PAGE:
22. Air & Sea TravelStatement of Cash FlowsMonth Ended April 30, 20x3 Cash flows from operating activities: Collections from customers ($5,500 + $1,000) $ 6,500 Cash payments to suppliers and employees ($2,700 + $400) (3,100) Net cash inflow from operating activities $ 3,400 Cash flows from investing activities: Acquisition of land $(40,000) Sale of land 22,000 Net cash outflow from investing activities (18,000) Cash flows from financing activities: Issuance (sale) of stock $50,000 Payment of dividends (2,100) Net cash inflows from financing activities $47,900 Net increase (decrease) in cash $33,300 Cash balance, April 1, 20x5 0 Cash balance, April 30, 20x5 $33,300

  23. Learning Objective 2 Understand how accounting works.

  24. Double-Entry Accounting Record the dual effects of each business transaction.

  25. Debit Credit The T-Account Account Title RIGHT SIDE LEFT SIDE

  26. Accounting Equation: Assets = Liabilities + Stockholders’ Equity Rules of Debit and Credit: Debit + Credit – Debit – Credit + Debit – Credit + Increases and Decreasesin the Accounts

  27. Assets = Liabilities + Stockholders’ Equity Rules of Debit and Credit Air & Sea received $50,000 and issued stock Common Stock Cash Debit for Increase, 50,000 Credit for Increase, 50,000

  28. Assets = Liabilities + Stockholders’ Equity Rules of Debit and Credit Air & Sea purchased land for $40,000 cash. Common Stock Cash Bal. 50,000 Credit for Decrease, 40,000 Bal. 50,000 Land Debit for Increase, 40,000

  29. Learning Objective 3 Record business transactions.

  30. Journal Chronological record of all transactions listed by date.

  31. Recording Transactionsin the Journal • Identify the transaction; specify each account affected. • Determine whether each account is increased or decreased. Use the rules of debits and credits • Enter transaction in the journal, including a brief explanation. April 2 Cash 50,000 Common Stock 50,000 Issued common stock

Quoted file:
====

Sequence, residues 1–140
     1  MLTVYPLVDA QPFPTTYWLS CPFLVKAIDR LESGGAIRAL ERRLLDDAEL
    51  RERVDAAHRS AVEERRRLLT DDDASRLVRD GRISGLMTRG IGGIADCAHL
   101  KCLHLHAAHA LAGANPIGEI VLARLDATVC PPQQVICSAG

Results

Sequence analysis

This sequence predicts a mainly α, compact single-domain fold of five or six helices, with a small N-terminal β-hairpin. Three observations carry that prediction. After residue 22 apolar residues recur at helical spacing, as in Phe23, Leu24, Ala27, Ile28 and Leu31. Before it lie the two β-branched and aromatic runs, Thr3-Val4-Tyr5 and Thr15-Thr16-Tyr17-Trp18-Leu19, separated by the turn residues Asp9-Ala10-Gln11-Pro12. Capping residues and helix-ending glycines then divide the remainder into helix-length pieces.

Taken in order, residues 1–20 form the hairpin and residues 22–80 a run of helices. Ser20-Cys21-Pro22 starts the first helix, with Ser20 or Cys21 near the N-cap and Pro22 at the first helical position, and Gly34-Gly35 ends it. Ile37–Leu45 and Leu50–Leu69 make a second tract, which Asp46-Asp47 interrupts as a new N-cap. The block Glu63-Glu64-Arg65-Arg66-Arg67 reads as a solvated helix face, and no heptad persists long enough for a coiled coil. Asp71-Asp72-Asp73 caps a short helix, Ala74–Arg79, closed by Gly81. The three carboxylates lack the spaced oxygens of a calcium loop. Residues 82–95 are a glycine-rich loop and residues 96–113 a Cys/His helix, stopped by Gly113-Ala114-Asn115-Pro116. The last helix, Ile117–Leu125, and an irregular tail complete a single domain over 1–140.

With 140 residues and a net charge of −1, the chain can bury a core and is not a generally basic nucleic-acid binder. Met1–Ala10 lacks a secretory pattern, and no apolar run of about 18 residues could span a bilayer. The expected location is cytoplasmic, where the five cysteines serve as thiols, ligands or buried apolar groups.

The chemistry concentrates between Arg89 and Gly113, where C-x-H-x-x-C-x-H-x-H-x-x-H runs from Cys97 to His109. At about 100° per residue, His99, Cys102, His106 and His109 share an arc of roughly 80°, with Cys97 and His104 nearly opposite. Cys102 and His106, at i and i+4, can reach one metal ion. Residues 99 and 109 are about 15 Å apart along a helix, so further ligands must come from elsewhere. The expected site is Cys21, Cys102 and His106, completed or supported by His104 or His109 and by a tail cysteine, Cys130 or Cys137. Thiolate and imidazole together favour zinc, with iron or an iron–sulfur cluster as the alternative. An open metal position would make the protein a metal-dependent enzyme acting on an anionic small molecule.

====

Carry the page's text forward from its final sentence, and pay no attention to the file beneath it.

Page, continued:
32. Posting from Journal to Ledger • Ledger - grouping of all the accounts; it shows their balances. • Posting – process of transferring debits and credits from journal to ledger

  33. 50,000 Posting from Journal to Ledger Journal Entry April 2 Cash 50,000 Common Stock 50,000 Issued common stock Cash Common Stock 50,000

  34. Transaction Occurs Transaction Analyzed Transaction Entered in the Journal Amounts Posted to the Ledger Flow of Accounting Data

  35. Learning Objective 4 Use a trial balance. Trial Balance - lists all accounts with their debit or credit balances

  36. Chart of Accounts Listing of all accounts and account numbers used by a business

  37. Stockholder’s Equity Assets Liabilities Debit for Credit for Debit for Credit for Debit for Credit for + - - + - + = + Assets Liabilities Equity Normal Balance Normal Balance Normal Balance Normal Balances of the Accounts

  38. Retained Earnings Revenues Common Stock Debit for Debit for Debit for Credit for Credit for Credit for - - - + + + Normal Balance Normal Balance Normal Balance Expenses Debit for Credit for + - Normal Balance Normal Balances of the Accounts Stockholders’ Equity Decreases Retained Earnings Increases Retained Earnings

  39. Learning Objective 5 Analyze transactions for quick decisions.

  40. Quick Decision Making The managers of PepsiCo may consider buying equipment that costs $100,000. PepsiCo will borrow the money.

  41. Transaction b – Purchase equipment Cash Equipment Note Payable (a) 100,000 (b) 100,000 (a) 100,000 (b) 100,000 Quick Decision Making Transaction a – Borrow $100,000 Cash Note Payable (a) 100,000 (a) 100,000

  42. End of Chapter 2 ©2006 Prentice Hall Business Publishing Financial Accounting, 6/e Harrison/Horngren